A federal district court ruling yesterday bars President Trump from withholding funds from jurisdictions that refuse to cooperate with federal agencies to deport undocumented immigrants, marking his second setback in court on immigration. The first setback, of course, was his Muslim ban.
Before I get to the substance of this post, first things first:
First the Ninth Circuit rules against the ban & now it hits again on sanctuary cities-both ridiculous rulings. See you in the Supreme Court!
— Donald J. Trump (@realDonaldTrump) April 26, 2017
No, it wasn’t the Ninth Circuit that ruled against Donald — it was a federal district court — one level down. Yes, the court is within the Ninth Circuit, but it isn’t the ACTUAL Ninth Circuit court itself. So the next stop isn’t the Supreme Court, it’s the Ninth Circuit.
Also, it wasn’t JUST the Ninth Circuit that ruled against Trump’s Muslim ban; it was a federal district court in Maryland. And Massachusetts, I believe, as well.
— Fox News (@FoxNews) April 26, 2017
*Sigh*. He apparently thinks you sue a circuit court when you don’t like a decision.
Look, the opinion was a no-brainer.
Trump’s order, signed Jan. 25, threatened to cut off funding from local governments that refuse to cooperate with immigration authorities. Santa Clara County and the city of San Francisco challenged the order, arguing, among other things, that the president doesn’t have the power to withhold federal money.
They’re right. He doesn’t.
The 49-page ruling focused largely on an all-too-familiar theme for this administration: the consequences of bragging and bluster by Trump and top administration officials.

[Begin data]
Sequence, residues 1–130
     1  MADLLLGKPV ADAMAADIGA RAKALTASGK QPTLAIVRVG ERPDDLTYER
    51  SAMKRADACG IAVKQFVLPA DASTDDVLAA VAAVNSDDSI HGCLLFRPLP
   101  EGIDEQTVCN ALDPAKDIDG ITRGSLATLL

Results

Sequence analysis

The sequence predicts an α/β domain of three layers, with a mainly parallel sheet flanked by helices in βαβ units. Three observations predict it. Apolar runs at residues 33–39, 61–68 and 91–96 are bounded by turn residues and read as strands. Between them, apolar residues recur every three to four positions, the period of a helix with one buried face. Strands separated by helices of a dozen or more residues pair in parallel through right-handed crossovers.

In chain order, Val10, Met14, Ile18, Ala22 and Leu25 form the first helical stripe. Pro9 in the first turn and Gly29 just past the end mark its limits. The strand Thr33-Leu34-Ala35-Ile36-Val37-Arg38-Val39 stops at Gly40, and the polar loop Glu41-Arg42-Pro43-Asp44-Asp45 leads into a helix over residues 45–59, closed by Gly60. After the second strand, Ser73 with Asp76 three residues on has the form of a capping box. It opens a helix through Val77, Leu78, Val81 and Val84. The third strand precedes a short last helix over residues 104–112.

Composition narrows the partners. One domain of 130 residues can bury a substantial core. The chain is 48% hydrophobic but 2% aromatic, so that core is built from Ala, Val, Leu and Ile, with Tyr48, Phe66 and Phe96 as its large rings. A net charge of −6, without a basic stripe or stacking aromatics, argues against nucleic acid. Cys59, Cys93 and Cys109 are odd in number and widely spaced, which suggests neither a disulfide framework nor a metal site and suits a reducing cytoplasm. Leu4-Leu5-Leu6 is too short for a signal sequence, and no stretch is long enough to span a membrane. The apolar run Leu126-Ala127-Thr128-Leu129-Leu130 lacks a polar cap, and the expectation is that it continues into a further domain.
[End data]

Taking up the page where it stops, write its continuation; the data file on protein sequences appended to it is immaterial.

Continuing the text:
Just like the judges who ruled on Trump’s travel ban, Judge Orrick homed in on the vast discrepancies between what government lawyers defending the sanctuary cities order argued in court and what administration officials said about it in public.
In court, the government tried to make the case that the order doesn’t actually do anything, at least not at the moment, because the administration has yet to define what exactly a sanctuary city is or threaten any particular jurisdiction with a loss of funds. It was their way of convincing the judge to toss out the lawsuit on the grounds that no city or county has yet suffered any harm.
The problem with that approach is that administration officials boasted about how the order would force sanctuary cities to their knees, singling out particular places. So, in court, the Trump lawyers argued that it was essentially an empty shell even though it was portrayed in news conferences, briefings and television interviews as a powerful tool to protect the public from dangerous undocumented immigrants being shielded by wayward cities and counties.
Fine,said, Judge Orrick. If the order is powerless, then surely you won’t mind if I impose this injunction which prevents you from actually doing anything. So that’s what he did.
I somehow don’t think Trump was briefed about that, because he is treating it as a loss. Which it IS, but it’s just what his lawyers argued.
According to Orrick, the government contended that the order was merely an example of Trump using the “bully pulpit” to “highlight a changed approach to immigration enforcement” — in essence, something much more benign than what Trump and company had described.
The argument was lost on the judge, who ridiculed the government’s position as “schizophrenic.”
“If there was doubt about the scope of the Order, the President and Attorney General have erased it with their public comments,” Orrick wrote.
“Is the Order merely a rhetorical device,” he added, “or a ‘weapon’ to defund the Counties and those who have implemented a different law enforcement strategy than the Government currently believes is desirable?”
The ruling continued: “The statements of the President, his press secretary and the Attorney General belie the Government’s argument in the briefing that the Order does not change the law. They have repeatedly indicated an intent to defund sanctuary jurisdictions in compliance with the Executive Order.”
Here is the decision. If you do nothing else, read the last paragraph.